If the King dies before Crown Prince Naif, who is eleven years younger, the Commission would be bound to pledge allegiance to Naif as King. Thereafter, Naif could nominate between one and three candidates to become his Crown Prince after consultations with the Commission. If the Commission fails to reach a consensus on a nominee of the King’s, it may nominate its own candidate for the King’s approval. In case the King does not approve the Commission’s choice, the Commission is to hold a vote, with the next Crown Prince chosen by a majority.
The two new members of the Commission are Prince Abdullah Bin Faisal Bin Turki al-Awwal bin Abdul Aziz, who replaced his brother Turki following his death in March 2009, and Prince Bandar Bin Musa’id Bin Abdul Aziz, who also replaced a brother. The original 35 “seats” on the Commission were held by sons, grandsons, or great-grandsons of the founder of the Kingdom, King Abdul Aziz. Since one of the sons of Abdul Aziz, Fawwaz, died without children in 2008, the number of seats has been reduced to 34.
With Naif’s elevation to the rank of Crown Prince, the seat he held on the Commission is to be taken over by one of his sons, to be chosen by the King. The King’s son, Khalid bin Abdullah, holds a seat on the Commission, as does the late Crown Prince’s son, Khalid bin Sultan. (The late King Fahd’s son, Mohammed, holds a seat; as does the late King Khalid’s son, Faisal; the late King Faisal’s son, Khalid; and the late King Saud’s son Mohammed.) The most senior son does not necessarily hold the seat. Indeed, Crown Prince Naif has six older brothers on the Commission.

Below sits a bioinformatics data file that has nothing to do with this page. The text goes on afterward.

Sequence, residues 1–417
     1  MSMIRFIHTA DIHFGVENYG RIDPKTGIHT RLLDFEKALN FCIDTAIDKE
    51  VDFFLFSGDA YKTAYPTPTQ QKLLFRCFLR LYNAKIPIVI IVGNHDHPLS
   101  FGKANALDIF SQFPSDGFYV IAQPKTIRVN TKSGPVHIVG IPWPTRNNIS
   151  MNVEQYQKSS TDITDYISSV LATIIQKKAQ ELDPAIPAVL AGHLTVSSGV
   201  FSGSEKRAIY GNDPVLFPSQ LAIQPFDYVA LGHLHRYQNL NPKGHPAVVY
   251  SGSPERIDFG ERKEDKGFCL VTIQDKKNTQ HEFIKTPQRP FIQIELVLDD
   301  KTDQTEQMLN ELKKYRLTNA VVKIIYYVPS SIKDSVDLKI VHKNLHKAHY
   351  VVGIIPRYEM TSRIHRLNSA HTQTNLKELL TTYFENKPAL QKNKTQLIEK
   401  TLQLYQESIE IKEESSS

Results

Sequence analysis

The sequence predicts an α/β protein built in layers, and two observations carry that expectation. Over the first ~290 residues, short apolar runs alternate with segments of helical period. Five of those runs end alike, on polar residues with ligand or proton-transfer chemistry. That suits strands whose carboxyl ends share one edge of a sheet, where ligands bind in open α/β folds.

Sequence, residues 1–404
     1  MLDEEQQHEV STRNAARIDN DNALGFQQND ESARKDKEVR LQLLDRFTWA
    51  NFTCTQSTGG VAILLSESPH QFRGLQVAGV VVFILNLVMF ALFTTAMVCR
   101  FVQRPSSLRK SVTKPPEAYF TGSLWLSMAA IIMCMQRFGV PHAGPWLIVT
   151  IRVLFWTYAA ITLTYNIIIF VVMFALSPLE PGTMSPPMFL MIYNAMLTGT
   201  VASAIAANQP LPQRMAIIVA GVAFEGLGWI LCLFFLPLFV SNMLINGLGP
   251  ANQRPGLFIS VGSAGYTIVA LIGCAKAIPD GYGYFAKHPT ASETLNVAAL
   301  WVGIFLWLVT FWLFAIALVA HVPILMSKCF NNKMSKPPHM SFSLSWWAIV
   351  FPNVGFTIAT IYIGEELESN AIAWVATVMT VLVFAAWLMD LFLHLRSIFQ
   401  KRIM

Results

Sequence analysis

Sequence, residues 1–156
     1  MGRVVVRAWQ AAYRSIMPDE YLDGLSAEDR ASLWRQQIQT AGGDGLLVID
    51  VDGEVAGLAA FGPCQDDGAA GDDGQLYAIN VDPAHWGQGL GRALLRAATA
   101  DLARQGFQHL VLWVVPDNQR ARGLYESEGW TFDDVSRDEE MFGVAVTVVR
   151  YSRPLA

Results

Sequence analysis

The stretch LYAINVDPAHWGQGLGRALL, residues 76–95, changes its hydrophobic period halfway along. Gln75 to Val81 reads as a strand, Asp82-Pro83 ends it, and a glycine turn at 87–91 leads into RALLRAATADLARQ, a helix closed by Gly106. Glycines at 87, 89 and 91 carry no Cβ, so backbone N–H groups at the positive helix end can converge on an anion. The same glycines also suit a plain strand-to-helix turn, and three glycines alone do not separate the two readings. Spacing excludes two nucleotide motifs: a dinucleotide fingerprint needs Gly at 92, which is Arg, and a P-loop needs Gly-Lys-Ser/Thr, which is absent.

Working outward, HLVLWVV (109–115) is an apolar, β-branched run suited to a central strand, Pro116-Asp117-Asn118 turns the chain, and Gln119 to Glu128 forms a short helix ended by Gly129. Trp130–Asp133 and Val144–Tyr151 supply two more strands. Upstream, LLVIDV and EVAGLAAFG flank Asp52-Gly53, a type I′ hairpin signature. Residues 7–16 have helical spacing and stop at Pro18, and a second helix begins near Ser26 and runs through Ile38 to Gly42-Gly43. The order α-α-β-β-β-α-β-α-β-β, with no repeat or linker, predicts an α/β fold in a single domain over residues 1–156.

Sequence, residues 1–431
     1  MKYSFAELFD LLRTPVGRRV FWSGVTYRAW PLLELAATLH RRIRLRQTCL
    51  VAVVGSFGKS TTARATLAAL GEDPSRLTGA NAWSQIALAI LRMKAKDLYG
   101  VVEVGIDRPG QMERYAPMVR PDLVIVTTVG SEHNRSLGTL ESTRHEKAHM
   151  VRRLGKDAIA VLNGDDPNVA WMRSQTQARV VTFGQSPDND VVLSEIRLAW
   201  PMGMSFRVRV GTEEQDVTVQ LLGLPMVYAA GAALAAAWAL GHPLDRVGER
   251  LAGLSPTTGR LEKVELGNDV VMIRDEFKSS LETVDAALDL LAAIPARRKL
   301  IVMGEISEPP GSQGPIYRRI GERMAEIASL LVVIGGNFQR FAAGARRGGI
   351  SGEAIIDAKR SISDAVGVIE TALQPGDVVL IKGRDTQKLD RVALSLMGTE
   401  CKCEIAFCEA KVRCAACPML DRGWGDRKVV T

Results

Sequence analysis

The Allegiance Commission can employ a complex procedure under which the Commission may find a King or Crown Prince unable to exercise his powers, either temporarily or permanently, for reasons of health. However, both the King and the late Crown Prince were not covered by these procedures, while Crown Prince Naif will be. If Sultan was covered by these rules during his extended illness, it would have been up to the Allegiance Commission to appoint a medical team to make the appropriate determination. During Sultan’s illness, the King had the absolute power to dismiss him and name a replacement, but he elected not to do so.
Had King Abdullah pre-deceased Sultan, it is unclear whether or not the Commission would have had the statutory authority to make a determination about his ability to exercise power as king. Crown Prince Abdullah was the effective ruler from 1995-2005 during the prolonged ill-health of King Fahd, but he lacked the full powers of a King. Thus, with Crown Prince Naif now covered by the Commission’s ability to intercede for reasons of incapacity, some of uncertainty in succession matters may be alleviated.
Foreign Reports is a Washington, D.C.-based consulting firm that writes and distributes timely intelligence reports on political developments in the Middle East relevant to oil markets. Oil companies, governments, and financial institutions rely on Foreign Reports for their insight and analysis on key issues affecting the world generally and the Middle East specifically. The firm was founded in 1956 and the current President is Nathaniel Kern.